What is Acceptance and Commitment Therapy (ACT) and its potential role in Pain Management?
Acceptance and Commitment Therapy (ACT) is a form of therapy which can be used to treat many different conditions such as depression, anxiety and pain. It is best described as:
Getting to know unpleasant feelings, then learning not to act upon them (Noam, 2010)
ACT gets its name from its two core messages:
- Accept what is out of your personal control – in this context, pain.
- Commit to action that improves and enriches life
ACT utilises three key mechanisms:
- Values-based action
Acceptance through ACT teaches you how to accept the fact that you have pain. This allows you to recognise the things you cannot do at present because of the pain. This does not mean that you will never be able to do these things or that you will always necessarily be in pain. It just means that you can identify specific things which are unachievable goals at that moment in time. This then allows you to move forwards and create a plan for how you may be able to do these things in the future. It is much easier to plan going forwards, if you have unloaded all the ‘baggage’ of worry about various things you cannot currently do.
Mindfulness has been described as a mental state of awareness, focus and openness (Harris, 2013). This mental state allows you to engage fully in what you are doing at any particular moment. In a state of mindfulness, difficult thoughts and feelings have much less impact and influence over you. As you can imagine, this is extremely useful to allow you to escape your ‘pain-troubled existence’.
3. Values-Based Action
Usually, when you attend a physiotherapist or a therapy session of any kind, the therapist will talk about goals - goals for treatment, goals for sport, functional goals etc. However, ACT works a little differently. Rather than creating goals, ACT facilitates you in becoming aware of the most important things in your life at that point in time by becoming aware of your values. For example, a goal could be: ‘Able to walk a mile’. A value could be: ‘Able to walk around the corner to visit your elderly neighbour’. While the physical distance in the first one is far greater, the importance is not in the size of the achievement of the goal. It is instead about which is of more personal value to you in the present.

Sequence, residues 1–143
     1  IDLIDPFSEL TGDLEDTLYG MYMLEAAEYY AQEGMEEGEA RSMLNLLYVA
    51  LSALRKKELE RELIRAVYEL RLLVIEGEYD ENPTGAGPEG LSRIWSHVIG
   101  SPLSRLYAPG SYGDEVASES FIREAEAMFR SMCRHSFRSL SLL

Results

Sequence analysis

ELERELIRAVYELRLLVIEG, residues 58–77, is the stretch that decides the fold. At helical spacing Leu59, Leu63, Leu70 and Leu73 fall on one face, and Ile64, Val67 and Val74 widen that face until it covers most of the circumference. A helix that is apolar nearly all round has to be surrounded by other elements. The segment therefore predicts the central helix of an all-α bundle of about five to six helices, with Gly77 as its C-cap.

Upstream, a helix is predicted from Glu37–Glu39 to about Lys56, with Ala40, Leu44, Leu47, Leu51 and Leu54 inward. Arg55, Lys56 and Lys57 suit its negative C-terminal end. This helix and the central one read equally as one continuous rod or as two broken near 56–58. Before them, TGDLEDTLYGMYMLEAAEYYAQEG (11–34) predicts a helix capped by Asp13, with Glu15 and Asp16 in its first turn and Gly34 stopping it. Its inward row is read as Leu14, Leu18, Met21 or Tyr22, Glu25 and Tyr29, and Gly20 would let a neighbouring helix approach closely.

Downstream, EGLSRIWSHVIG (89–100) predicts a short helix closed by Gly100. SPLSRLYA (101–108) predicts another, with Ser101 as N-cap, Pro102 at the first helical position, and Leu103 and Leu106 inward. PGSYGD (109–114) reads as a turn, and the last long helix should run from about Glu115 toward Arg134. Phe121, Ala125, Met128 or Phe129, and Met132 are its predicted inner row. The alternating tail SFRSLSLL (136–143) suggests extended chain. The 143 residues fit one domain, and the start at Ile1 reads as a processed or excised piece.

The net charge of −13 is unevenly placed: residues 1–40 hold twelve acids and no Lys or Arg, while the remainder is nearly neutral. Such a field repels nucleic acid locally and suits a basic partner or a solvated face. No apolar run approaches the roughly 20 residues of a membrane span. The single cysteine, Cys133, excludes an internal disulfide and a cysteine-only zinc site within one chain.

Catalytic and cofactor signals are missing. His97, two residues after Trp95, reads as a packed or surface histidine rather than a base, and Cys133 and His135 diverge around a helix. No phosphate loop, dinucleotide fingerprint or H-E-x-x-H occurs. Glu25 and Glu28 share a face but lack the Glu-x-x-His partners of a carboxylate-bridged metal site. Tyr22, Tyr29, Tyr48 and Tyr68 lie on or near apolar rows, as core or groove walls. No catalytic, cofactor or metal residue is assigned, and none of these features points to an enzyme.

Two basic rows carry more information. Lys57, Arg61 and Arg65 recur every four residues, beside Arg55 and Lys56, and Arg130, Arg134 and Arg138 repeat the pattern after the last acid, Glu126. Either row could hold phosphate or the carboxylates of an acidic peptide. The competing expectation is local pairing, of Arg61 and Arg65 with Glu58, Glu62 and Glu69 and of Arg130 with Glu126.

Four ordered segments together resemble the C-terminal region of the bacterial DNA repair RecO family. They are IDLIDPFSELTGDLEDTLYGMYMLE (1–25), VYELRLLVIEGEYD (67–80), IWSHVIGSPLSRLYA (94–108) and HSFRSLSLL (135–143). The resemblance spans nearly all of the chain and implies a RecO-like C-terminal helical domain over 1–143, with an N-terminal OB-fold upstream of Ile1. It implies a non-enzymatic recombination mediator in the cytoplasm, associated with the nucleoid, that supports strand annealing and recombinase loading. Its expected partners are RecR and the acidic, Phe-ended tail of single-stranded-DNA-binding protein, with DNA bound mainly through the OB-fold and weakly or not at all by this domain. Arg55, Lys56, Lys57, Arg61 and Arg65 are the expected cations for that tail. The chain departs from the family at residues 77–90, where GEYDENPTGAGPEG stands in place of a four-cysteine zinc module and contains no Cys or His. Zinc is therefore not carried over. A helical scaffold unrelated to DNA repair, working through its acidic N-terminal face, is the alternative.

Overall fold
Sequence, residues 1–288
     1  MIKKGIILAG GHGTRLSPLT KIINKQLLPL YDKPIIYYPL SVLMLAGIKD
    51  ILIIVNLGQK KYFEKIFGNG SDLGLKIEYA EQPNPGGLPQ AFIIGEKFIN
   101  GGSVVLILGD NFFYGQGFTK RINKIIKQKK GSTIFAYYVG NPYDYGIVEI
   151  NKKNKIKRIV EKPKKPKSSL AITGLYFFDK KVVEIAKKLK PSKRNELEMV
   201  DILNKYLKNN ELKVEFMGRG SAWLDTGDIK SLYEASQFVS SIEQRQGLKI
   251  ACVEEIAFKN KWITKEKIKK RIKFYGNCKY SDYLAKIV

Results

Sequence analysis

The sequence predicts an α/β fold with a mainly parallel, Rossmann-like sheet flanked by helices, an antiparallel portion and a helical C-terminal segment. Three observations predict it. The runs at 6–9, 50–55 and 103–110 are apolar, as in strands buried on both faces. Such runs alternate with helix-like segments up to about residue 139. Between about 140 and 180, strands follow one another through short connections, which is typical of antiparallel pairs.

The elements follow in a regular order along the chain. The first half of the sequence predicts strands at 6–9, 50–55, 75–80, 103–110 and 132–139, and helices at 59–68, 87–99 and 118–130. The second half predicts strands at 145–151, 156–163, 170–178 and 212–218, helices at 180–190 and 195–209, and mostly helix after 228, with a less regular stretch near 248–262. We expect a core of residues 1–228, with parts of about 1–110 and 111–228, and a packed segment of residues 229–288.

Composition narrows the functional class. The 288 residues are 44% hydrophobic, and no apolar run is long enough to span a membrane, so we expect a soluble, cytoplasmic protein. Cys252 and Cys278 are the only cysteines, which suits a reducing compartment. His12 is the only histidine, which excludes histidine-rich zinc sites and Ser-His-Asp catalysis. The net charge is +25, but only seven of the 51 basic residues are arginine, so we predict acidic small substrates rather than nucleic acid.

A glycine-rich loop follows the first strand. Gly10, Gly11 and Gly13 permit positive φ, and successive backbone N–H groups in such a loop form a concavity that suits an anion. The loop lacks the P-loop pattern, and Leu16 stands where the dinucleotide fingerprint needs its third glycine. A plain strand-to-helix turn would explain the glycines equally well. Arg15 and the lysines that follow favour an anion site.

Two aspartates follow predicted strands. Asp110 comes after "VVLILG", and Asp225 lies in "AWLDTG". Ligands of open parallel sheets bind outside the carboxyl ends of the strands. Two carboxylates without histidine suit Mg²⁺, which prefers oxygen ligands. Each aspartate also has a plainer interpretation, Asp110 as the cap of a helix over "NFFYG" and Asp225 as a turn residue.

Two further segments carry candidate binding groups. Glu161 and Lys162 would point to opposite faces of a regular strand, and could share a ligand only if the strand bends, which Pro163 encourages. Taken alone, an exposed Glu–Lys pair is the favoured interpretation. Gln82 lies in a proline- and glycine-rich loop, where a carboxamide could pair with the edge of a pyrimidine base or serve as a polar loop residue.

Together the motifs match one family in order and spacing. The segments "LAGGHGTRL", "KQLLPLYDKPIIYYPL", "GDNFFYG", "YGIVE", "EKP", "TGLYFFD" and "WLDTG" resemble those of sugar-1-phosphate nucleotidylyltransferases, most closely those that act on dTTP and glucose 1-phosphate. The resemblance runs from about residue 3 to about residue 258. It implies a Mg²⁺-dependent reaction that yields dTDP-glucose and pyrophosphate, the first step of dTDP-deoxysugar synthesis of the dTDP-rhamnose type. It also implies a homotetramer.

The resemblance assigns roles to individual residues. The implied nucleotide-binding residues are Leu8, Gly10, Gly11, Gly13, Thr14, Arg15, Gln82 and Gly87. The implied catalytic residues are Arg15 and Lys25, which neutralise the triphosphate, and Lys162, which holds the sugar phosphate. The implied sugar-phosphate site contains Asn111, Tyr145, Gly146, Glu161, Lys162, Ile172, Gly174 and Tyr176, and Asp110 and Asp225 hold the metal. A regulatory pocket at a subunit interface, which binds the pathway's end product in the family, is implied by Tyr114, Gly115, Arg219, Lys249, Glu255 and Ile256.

So how do all these mechanisms help with pain management?
Anyone who has experienced pain, be it for a few hours or a few years, will know how distracting it can be. One can become consumed by it and be unable to think of anything else. When in a ‘pain distracted state’, the aforementioned 3 mechanisms can help greatly:
- Acceptance can allow you to accept where you are at the present, to allow you to better plan for the future.
- Mindfulness can allow you to live in the moment and help you to avoid constant thoughts of pain.
- Values-based action can allow you to live a more fulfilling life in the present – one according to your own personal values.
Where’s the proof?
A recent body of research by Buhrman et al, 2013; Johnston et al, 2010; McCracken & Gutierrez-Martinez, 2011; McCracken & Jones, 2012; Vowles & McCracken, 2008 and Thorsell et al, 2011 has proven the effectiveness of ACT as a method of treating pain, specifically chronic pain.
I will finish with a quote from a participant of a piece of unpublished research which investigated the effects of ACT for a group of chronic pain sufferers in Ireland...
“Prior to the course I wasn’t sure anyone took my chronic pain seriously. During the course this was never in question and it helped me to accept that I would have to live with the pain but [that I could] make it [the pain] more tolerable by employing various thought processes.”
- Buhrman M, Skoglund A, Husell J, Bergström K, Gordh T, Hursti T, Bendelin N, Furmark T, Andersson G. Guided internet-delivered acceptance and commitment therapy for chronic pain patients: a randomized controlled trial. Behav Res Ther 2013; 51: 307-315.
- Harris, Russ 2013. ACT Mindfully, Excellance and innovation from australia’s leaders in Acceptance and Commitment Therapy. Acceptance and Commitment Therapy Training. URL: http://www.actmindfully.com.au/acceptance_&_commitment_therapy
- Johnston M, Foster M, Shennan J, Starkey NJ, Johnson A. The effectiveness of an acceptance and commitment therapy self-help intervention for chronic pain. Clin J Pain 2010; 26(5): 393-402.
- McCracken LM, Gutiérrez-Martínez O. Processes of change in psychological flexibility in an interdisciplinary group-based treatment for chronic pain based on Acceptance and Commitment Therapy. Behav Res Ther 2011; 49: 267-274.
- McCracken LM, Jones R. Treatment for Chronic Pain for Adults in the Seventh and Eight Decades of Life: A Preliminary Study of Acceptance and Commitment Therapy (ACT). Pain Med 2012; 13: 861-867.
- Shpancer, Noam (September 8, 2010). "Emotional Acceptance: Why Feeling Bad is Good". Psychology Today.
- Thorsell J, Finnes A, Dahl J, Lundgren T, Gybrant M, Gordh T, Buhrman M. A comparative study of 2 manual-based self-help interventions, acceptance and commitment therapy and applied relaxation, for persons with chronic pain. Clin J Pain 2011; 27(8): 716-723.
- Vowles KE, McCracken LM. Acceptance and values-based action in chronic pain: A study of treatment effectiveness and process. J Consult Clin Psychol 2008; 76(3): 397-407.